Packing up supplies for the Passover holiday. Photo courtesy of Ethel G. Hofman.




My head is spinning. A Passover seder meal planned and nearly completely prepared on the East Coast and then flown to the West? For Gloria and Bob Spitz, it’s no big deal. Gloria says, “We’ve been doing it for the last five years; it’s a combined effort, a labor of love.”

Why did they decide to schlep dishes and the makings of a seder to California? Wouldn’t it be easier to cook for the crowd in your own kitchen?

Gloria explains that, “it’s easier for two to fly out there than to bring nine to Philadelphia.” Their two sons, Eric (and his wife, Jane) and Daniel (and his wife, Liat), and five grandkids—ages 13 to 23—all live in the Los Angeles area. Gloria and Bob usually fly out one or two days before the start of Passover “so that we can pick up items like chicken for the soup and any ingredients I cook that day,” she says, “and we get to spend time with all the grandkids.”

A Moving Feast

For the past 50-plus years, Gloria and Bob have lived with her sister, Susan Lodish, husband Len but Gloria has always been the “master cook.” The Food Processor Gefilte Fish and Carrot-Pineapple Kugel recipes are from Passoverama, a collection of favorite recipes from the Temple Beth Hillel-Beth El Sisterhood in Wynnewood, Penn. (the Conservative synagogue made headlines recently for not one, but two episodes of vandalism on an outdoor sign that says, “Our Community Stands With Israel”), and edited by Gloria and Susan. This was its first Passover cookbook, published in 1975. Passoverama went on to have two more editions. The Passover Liquor Cake, Passover Chocolate-Chip Kamish Bread and Sweet Passover Cookies are from Gloria’s vast recipe collection. For the cookies, she substituted matzah for graham crackers in the original recipe.

Since Passover desserts, appetizers and sides are prepared at home to be transported to L.A., Gloria’s kitchen is kashered a week beforehand. Everything is kosher for Passover. She adds, “I always bring one box of matzah with us, as often, the local L.A. store is sold out of Passover matzah,” and she insists on “always bringing red horseradish. I can never find that in any store.” She has made and embroidered a foldable matzah holder. I was exhausted just listening to it all, and here they are a grab-and-go operation, as I am sure many others are this holiday season with families all over the country and the world.

Planning for the whole shebang begins six weeks ahead of time. Gloria has lists galore, each neatly handwritten on long sheets of paper. To name a few: “things to buy, things to bring, lists of people attending first seder, list of people attending second seder, lists of what to make at Daniel’s house, lists of what to pack to take to Eric’s house.” Each item is checked off when completed. “I’m only allowed one small box for storage in each house; they just don’t have room,” she says. Many items, such as serving utensils, are discarded and purchased anew the next year. This year I made a “pilgrimage” with Gloria to, a party goods store in Lakewood, N.J., where she loaded a cart, disposable paper goods and glasses with Passover designs, serving utensils, flatware and even fancy toothpicks and skewers for fruit and appetizers. The jumbo soup pot is stored in Daniel’s house. She uses a lot of foil pans.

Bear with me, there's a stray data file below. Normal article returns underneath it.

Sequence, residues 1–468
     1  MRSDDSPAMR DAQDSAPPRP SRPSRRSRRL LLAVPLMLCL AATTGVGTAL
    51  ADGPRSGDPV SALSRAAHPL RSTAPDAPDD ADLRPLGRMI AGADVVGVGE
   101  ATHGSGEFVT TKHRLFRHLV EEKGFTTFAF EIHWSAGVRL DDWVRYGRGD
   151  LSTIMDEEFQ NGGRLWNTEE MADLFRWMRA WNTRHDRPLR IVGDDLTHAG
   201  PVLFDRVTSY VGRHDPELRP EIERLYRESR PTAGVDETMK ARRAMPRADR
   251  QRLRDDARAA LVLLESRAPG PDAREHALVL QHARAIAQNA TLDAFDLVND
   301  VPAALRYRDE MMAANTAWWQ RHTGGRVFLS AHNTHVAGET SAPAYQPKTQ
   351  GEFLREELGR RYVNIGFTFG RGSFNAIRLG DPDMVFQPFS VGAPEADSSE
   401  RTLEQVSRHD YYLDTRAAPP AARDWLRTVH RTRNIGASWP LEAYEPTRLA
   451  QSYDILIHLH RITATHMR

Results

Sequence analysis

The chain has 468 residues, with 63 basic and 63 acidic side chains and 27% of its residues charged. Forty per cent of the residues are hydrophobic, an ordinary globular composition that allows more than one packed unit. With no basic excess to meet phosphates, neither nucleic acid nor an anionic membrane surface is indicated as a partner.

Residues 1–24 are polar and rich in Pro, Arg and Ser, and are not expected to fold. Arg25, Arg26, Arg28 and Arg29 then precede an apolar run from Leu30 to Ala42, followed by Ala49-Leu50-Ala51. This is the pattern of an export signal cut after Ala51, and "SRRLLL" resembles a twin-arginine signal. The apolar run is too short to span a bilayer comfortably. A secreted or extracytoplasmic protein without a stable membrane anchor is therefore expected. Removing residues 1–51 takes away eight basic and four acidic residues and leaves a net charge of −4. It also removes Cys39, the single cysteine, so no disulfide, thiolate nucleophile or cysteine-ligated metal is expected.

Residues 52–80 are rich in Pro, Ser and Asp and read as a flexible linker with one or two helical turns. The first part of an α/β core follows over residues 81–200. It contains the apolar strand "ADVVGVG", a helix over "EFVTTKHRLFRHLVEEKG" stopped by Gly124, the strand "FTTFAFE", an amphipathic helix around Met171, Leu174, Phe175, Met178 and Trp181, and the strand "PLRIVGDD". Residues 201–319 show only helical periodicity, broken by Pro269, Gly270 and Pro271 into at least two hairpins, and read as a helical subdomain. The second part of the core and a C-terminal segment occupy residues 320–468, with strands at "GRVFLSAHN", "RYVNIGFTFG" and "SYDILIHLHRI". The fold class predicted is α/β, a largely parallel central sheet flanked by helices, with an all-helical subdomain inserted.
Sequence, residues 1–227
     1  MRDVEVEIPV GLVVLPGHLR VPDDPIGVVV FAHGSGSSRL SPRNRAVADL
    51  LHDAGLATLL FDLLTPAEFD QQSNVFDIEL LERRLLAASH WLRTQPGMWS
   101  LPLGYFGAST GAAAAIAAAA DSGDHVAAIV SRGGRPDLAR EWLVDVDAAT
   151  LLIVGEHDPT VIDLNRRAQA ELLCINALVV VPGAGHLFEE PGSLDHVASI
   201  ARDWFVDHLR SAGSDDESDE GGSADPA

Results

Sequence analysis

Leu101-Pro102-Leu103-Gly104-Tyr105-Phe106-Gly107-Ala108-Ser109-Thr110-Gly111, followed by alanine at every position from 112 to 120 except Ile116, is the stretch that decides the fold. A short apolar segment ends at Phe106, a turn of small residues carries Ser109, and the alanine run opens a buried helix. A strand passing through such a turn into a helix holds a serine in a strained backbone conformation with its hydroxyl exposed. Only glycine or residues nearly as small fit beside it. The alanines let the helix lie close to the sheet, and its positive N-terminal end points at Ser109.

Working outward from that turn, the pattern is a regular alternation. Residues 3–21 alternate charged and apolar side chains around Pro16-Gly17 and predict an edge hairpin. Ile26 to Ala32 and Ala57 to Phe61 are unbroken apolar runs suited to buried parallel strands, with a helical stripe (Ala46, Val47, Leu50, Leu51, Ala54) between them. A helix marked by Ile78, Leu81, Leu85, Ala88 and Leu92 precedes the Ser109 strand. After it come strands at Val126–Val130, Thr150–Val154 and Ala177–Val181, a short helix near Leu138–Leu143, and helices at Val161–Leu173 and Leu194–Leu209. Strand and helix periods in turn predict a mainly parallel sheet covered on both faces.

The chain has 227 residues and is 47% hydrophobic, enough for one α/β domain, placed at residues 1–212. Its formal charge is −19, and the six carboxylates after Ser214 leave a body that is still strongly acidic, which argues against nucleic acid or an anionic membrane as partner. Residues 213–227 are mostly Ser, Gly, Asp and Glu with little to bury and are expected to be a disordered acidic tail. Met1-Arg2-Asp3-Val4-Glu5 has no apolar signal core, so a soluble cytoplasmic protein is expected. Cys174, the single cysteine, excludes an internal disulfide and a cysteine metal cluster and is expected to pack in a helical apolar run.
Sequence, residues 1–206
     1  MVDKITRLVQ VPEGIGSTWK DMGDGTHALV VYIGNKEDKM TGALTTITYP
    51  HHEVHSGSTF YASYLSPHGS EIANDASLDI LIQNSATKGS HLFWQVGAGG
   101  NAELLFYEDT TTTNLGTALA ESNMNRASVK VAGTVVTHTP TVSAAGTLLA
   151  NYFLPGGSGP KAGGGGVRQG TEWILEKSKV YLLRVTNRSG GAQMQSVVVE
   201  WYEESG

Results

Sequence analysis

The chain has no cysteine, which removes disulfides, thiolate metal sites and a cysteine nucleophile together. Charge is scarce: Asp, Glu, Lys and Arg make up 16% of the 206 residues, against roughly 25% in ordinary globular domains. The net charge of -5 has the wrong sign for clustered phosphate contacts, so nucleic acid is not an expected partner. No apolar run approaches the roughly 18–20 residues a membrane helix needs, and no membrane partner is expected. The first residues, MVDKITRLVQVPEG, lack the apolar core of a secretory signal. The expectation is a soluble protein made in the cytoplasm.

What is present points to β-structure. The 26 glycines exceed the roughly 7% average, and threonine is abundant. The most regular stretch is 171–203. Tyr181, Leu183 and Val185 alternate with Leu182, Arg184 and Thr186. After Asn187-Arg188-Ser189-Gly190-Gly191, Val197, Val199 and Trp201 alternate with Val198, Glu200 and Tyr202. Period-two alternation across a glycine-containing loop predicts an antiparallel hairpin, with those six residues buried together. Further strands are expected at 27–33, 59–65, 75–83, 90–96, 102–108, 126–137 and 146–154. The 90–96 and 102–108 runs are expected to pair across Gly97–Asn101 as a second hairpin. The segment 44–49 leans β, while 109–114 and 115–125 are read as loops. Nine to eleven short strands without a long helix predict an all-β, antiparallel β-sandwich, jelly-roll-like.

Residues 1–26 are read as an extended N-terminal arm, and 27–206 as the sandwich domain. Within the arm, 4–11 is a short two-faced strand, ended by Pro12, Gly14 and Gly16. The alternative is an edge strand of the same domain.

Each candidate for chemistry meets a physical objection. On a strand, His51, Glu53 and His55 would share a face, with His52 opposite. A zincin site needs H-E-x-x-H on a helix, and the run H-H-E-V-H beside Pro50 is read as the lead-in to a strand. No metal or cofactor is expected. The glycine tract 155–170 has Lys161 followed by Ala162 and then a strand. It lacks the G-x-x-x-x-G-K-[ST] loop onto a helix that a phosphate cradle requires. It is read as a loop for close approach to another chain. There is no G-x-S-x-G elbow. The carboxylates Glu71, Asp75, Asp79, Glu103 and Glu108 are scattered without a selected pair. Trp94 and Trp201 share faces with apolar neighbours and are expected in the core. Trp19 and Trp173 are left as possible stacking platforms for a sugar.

The night before the trip, the oversized duffel bag is packed. Rather than bring containers, which take up room, spices that will be needed are measured out into little plastic bags. Paper goods, flatware and serving utensils are arranged. The liquor cake is returned to the Bundt pan to avoid any crumbling. Just before leaving for the airport, rolls of gefilte fish that have been frozen in thermal bags are tucked into the duffel bag.

The first seder is at Daniel’s house with families, friends and neighbors. Since there’s no way to fit 20 to 30 people in their California home, Daniel’s garage is cleared out (usually used as a photographic studio), and tables and chairs are set up. Everybody is on board. Children arrange the Haggadahs; the seder plate; place cards; disposable dishes and flatware; and games to illustrate the plagues. The second seder is at Eric’s house, an hour away, where there’s even a visit from the bishop of Orange County. It’s a repeat performance, this time setting up outdoors on the patio. One year, there was even a Chocolate Seder; that was remembered as a hit! The seders end with families and guests standing up, hands joined or arms draped around shoulders. Voices ring out as they sing “Hatikvah” (“The Hope”), Israel’s national anthem. Incorporated in the song: “To be a free people in our land of Zion and Jerusalem.” Perhaps that’s never been more relevant.

Family, food and tradition come together at Passover time—the most observed Jewish holiday, according to poll after poll.

Let us celebrate our freedom together, and pray for the speedy release of the hostages and a lasting peace for Israel.

Food-Processor Gefilte Fish (Pareve)

Serves 6


bones, heads and skins of fish

2 onions with skins

2 large carrots, sliced